“I wanted to create someplace where people could come and play, [and] if there’s something you want to try, you can,” says Jenn Masri, an L.A.-based marriage and family therapist who created Club Awakening a year ago. “It provides a little less of a shocking atmosphere.”

Masri got the idea for Club Awakening after teaching BDSM classes for rookies for several years. She instructs students on concepts like consent, safe words and terminology. She says one question that comes up consistently is, “Where can I go for my first party?”

Four newb-friendly booths scattered throughout Sanctuary Studios allow attendees to try hands-on play — e.g., spanking; crops, canes and paddles; flogging; and ropes. A fifth surprise booth has included more extreme offerings such as fire cupping and light knife play. The event has been packed every month since its debut, including the night I attend.

The event is monthly and generally well-attended. This night in mid-February isn’t any different — despite its being at the peak of the worst rainstorm L.A. has seen in years, the type of foul weather that usually renders Angelenos unable to leave their houses at all, let alone drive somewhere in the dark. But once I check my coat and enter the club’s inner sanctum, I find myself amid a throng of dry, happy and, occasionally, nude or nearly nude people.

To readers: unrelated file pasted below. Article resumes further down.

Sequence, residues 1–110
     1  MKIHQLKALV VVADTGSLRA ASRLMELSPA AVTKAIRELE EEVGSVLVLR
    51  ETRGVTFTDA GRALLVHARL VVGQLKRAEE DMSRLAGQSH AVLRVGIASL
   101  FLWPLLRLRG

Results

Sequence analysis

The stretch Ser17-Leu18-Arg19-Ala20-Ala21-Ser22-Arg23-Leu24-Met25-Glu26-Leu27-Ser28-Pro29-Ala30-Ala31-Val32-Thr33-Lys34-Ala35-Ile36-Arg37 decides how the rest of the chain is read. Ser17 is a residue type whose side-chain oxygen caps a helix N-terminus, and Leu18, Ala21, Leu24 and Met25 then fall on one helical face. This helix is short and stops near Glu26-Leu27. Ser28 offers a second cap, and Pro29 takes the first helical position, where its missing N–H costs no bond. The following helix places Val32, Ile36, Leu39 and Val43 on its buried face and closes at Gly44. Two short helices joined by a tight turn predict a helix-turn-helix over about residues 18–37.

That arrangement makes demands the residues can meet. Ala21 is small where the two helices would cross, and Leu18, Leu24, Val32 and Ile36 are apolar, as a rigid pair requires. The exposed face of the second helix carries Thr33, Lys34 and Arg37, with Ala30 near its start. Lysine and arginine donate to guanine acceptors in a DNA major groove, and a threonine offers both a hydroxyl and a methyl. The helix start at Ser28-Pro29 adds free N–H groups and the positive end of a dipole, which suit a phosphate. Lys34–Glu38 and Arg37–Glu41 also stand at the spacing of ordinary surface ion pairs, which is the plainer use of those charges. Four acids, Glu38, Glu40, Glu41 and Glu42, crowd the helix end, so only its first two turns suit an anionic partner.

Masri has linked me up with Pam, a 47-year-old data department manager from Orange County who has been exploring “the scene,” as it’s colloquially known, for about six months. Pam discovered the scene through a friend just as her 18-year marriage was coming to an end. “I was looking for something,” she says, and “the more I read, the more I got interested.”

Her story, I find, isn’t unusual: Leave an unhappy marriage, enter BDSM. Masri herself has a similar history. “I didn’t get involved until I was out of a 17-year, vanilla marriage,” she says. “Someone I dated did a couple kinky things, and I was like, ‘That was fun, I want to do more of it!’”

Pam has been to Club Awakening, she estimates, five or six times. “I love this event,” she says. “You can try something new, and you can meet new people.”

Around 5-foot-6-inches, Pam is dressed for the evening in a blue-gray tunic top, tight black pants and low-heeled mules. Her lips are painted red, as are her toenails; her shoulder-length, dirty blonde hair is collected into a low ponytail, and she wears delicate amethyst earrings that dangle into the shape of flower petals. We were originally going to explore the event as a pair, but last week, Pam met Jeremy, a 48-year-old dominant and her date for the evening. Much taller than Pam, Jeremy has been in the scene for several decades. He wears coke-bottle glasses and sports a scruffy salt-and-pepper beard, gray-blue button-down and black slacks.

For the first hour, the three of us stand around a cocktail table and chat. It’s an alcohol-free event, so the bar is stocked with six different kinds of soda: Cactus Cooler, Cherry Pepsi, 7 Up, Mountain Dew, root beer and — amusingly — Squirt. It’s also a potluck. A folding table is decorated with homemade platters of food, including frosted lemon cake and pink sugar cookies with Hello Kitty emblems at their center; plastic tubs of cookies from Trader Joe’s; and a bowl with single-serving bags of chips: Spicy Cheese Doritos, Chili Cheese Fritos, Cheeto Puffs and Ruffles…

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https://melmagazine.com/a-night-of-bdsm-for-newbies-fbcc4ecce8d2#.1o4m4hpq4